Saturday, 18 January 2020

Crossing the canal in Kidsgrove

I like videos were the railway crosses the canal, here a Northern train crosses over the Trent & Mersey in Kidsgrove.

Thursday, 16 January 2020

Mel and the LGP-30 drum memory

A famous piece of computer folklore is the story of Mel, a "real programmer" who was able to perform amazing feats on an old computer by taking advantage of an obscure hardware feature to create self-modifying code. Mel Kaye was in fact a real person as were the computers mentioned in the story, the RPC-4000 and the LGP-30.

The computers were developed in the 1950s as joint ventures between Librascope / General Precision Equipment and the Royal McBee Corporation (under whose name the computers were sold). The Royal McBee LGP-30 is pretty much forgotton these days but in it's day was a rather notable small (by the standards of the day) computer mainly used for scientific purposes. It was the size of a desk and included a console typewriter (no screens though you could add a printer). The computer pre-dated the microchip era of course, instead it used vacuum tubes and diodes. It also had a magnetic drum for memory (a hardware quirk of which Mel famously took advantage of). The drum gave the LGP-30 4K of 32-bit words of memory. The LGP-30 did not have RAM like a modern computer and only ran at 120kHz (kilohertz not megahertz) however it was fast enough to perform up to four hundred calculations per second.

The LGP-30 had a number of notable users, including the metrologist Edward Lorenz who used it to model weather patterns. His work on the computer, howing how small differences in data could lead to large differences in forecast led him to develop the butterfly effect and chaos theory.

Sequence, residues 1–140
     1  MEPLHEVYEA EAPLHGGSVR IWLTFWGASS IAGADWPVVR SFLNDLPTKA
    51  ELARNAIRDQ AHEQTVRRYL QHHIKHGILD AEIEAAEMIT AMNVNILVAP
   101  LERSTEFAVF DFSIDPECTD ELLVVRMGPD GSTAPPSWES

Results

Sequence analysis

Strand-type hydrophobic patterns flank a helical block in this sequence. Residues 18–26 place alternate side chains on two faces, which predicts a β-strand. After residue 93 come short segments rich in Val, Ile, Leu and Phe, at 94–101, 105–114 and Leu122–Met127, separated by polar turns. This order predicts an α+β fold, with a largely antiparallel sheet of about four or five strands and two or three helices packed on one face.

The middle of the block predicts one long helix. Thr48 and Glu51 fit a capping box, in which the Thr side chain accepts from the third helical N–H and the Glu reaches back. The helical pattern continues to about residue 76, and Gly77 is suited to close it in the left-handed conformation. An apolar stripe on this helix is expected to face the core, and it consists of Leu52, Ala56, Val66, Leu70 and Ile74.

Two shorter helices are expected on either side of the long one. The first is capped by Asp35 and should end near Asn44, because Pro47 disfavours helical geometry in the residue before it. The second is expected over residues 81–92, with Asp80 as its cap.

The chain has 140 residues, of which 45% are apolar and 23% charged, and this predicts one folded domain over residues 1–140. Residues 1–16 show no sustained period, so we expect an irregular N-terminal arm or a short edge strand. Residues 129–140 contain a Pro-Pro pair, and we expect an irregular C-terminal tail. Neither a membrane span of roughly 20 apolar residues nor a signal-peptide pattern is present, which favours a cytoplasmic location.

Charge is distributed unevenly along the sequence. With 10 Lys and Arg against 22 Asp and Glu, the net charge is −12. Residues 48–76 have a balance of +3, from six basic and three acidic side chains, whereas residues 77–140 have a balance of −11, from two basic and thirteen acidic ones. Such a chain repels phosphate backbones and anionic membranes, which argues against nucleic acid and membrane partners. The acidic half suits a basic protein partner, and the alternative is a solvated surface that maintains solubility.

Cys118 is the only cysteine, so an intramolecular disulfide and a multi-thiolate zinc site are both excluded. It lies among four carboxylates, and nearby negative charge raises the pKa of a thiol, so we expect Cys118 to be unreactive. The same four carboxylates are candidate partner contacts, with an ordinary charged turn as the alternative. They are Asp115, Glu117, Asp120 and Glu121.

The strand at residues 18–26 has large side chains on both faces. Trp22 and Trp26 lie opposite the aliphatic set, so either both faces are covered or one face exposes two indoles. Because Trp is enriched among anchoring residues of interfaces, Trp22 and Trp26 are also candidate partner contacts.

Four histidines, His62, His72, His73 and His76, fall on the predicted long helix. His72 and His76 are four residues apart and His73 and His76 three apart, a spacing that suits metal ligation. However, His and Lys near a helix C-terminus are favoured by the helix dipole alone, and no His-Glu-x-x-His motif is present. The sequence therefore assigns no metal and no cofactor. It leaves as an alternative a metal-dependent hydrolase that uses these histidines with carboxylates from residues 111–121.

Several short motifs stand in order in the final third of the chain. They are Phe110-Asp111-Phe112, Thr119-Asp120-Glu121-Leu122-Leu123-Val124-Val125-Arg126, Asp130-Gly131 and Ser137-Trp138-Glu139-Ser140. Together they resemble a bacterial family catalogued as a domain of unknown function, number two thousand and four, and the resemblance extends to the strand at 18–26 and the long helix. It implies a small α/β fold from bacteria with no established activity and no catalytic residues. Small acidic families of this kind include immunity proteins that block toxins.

Wednesday, 15 January 2020

BGLR : Track plans

The planned main board extension will be a 30 x 90cm board which will host stabling in the backscene. Although it may turn out slightly different in reality a track plan created in Railmodeller indicates it may be possible to have up to four sidings which, with a couple of isolation section, could hold up to six locomotives.

One problem is the bookcase which it is intended to support the board is slightly too high. It is almost the same height as the main board which is fine until you take into account the thickness of the wood. However it may be possible to use thin wood or board. Work will take place on the extension later in the year hopefully.

Tuesday, 14 January 2020

Churches (47) : St Lawrence, Long Buckby

The church of St Lawrence is the parish church of Long Buckby in Northamptonshire. The church has existed since medieval times, possibly since 1280s when the current market place was laid down. The church has a West tower, a nave, chancel and aisles (North and South). The church is made from coursed ironstone rubble and ashlar.

The church was restored in the nineteenth century with the aisles being gothicised.


Monday, 13 January 2020

Staffordshire Places (2) : Fazeley

Fazeley is a small town on the Southern edge of Staffordshire and border with Warwickshire. The town is on the outskirts of Tamworth. The first mention of Fazeley dates from the twelfth century and the name may have Saxon origins. The town is situated on the Roman road Watling Street.

Originally Fazeley was part of the manor of Drayton, once the home of Sir Robert Peel. The manor has now gone but the name lives on as Drayton Manor theme park! Fazeley later became a parish of Tamworth, after 1894 having it's own parish council. Fazeley became a town in 1975.

Fazeley gives it's name to the Birmingham & Fazeley Canal which joins the Coventry Canal in Fazeley. The nearby railway station of Wilnecote was known as Wilnecote & Fazeley until 1904.